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Old 12-19-2010, 09:35 AM   #1
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Subbing almond flour for regular flour in baking

Does anyone know what the guidelines are for subbing almond flour for all purpose flour in baking recipes?

I found a luscious recipe recipe for chocolate glazed cookies that call for regular flour.

Here is the recipe if anyone is interested. It's from Nigella Lawson.
Cookies:
2 1/4 sticks (18 Tbsp.) soft butter
3/4 cup sugar
1/3 cup unsweetened cocoa powder
2 cups all-purpose flour
1/2 tsp. baking soda
1 tsp. baking powder
Topping:
2 Tbsp. unsweetened cocoa powder
1 1/2 cups confectioners' sugar
1/4 cup boiling water , from a kettle
1 tsp. vanilla extract
Christmas sprinkles
Directions
Preheat the oven to 325° and line a cookie sheet with parchment paper.

Cream the butter and sugar in a bowl and, when you have a light, soft whipped mixture, beat in the 1/3 cup cocoa powder (sifting if it is lumpy) and, when that's mixed in, beat in the flour with the baking soda and baking powder. Or just put everything in the processor and blitz, if you prefer.

This mixture is very soft and sticky and I find it easiest to form the cookies wearing my disposable vinyl gloves, so pinch off pieces about 1 tablespoon in size, roll them into balls, then slightly flatten into fat discs as you place them, well spaced, on your cookies sheet. You should get about 12 on at a time.

Bake each batch for 15 minutes; even though the cookies won't feel as if they've had enough time, they will continue to cook as they cool. They will look slightly cracked on top, and it's this cozy, homespun look I love.*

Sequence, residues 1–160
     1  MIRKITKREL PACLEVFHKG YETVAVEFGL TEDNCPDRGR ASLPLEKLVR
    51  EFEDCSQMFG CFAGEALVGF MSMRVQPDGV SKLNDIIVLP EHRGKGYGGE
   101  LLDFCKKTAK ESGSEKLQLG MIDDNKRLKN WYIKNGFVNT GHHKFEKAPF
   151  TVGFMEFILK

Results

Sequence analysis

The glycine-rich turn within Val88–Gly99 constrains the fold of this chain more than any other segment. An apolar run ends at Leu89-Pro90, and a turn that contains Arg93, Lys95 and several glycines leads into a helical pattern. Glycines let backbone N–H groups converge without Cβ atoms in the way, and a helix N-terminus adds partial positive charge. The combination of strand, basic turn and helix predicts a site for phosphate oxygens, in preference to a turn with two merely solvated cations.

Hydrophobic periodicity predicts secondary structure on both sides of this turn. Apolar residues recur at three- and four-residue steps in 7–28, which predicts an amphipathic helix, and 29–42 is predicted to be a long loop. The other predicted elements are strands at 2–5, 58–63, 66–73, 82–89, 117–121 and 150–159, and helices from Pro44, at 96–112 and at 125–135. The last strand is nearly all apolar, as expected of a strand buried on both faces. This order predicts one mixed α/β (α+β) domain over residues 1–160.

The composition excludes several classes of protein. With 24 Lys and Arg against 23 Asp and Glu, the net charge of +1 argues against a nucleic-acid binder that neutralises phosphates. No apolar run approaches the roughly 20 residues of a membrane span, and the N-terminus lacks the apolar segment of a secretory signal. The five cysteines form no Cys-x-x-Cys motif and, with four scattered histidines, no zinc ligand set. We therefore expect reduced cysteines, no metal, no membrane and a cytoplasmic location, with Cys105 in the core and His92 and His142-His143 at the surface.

Move the cookie sheet to a cold surface and let it sit for 15 minutes before transferring the cookies to a wire rack, with a sheet of newspaper under it (to catch drips while topping them).

To make the topping, put the cocoa powder, confectioners' sugar, water and vanilla extract into a small saucepan and whisk over a low heat until everything is smoothly combined. Take off the heat for 10 minutes.

When the cookies are cool, drizzle each one with a tablespoonful of chocolate glaze—it will help "glue" the sprinkles on in a minute. Use the back of the spoon to help spread the mixture, though an uneven dribbled look is part of their charm. After you've iced 6 cookies, scatter with some of the Christmas sprinkles and continue until all the cookies are topped. If you ice them all before sprinkling, you will find the cocoa "glue" has dried and the sprinkles won't stick on.*
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Old 12-19-2010, 10:27 AM   #2
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I'm not sure in this recipe. In the toll house chocolate chip cookie recipe I use 2 cups of almonds flour and they come out great. They are different, they are more cake like cookies but it works for me. I would say just experment and tells us your results. I would love this recipe. I hope this helps.
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Old 12-19-2010, 10:38 AM   #3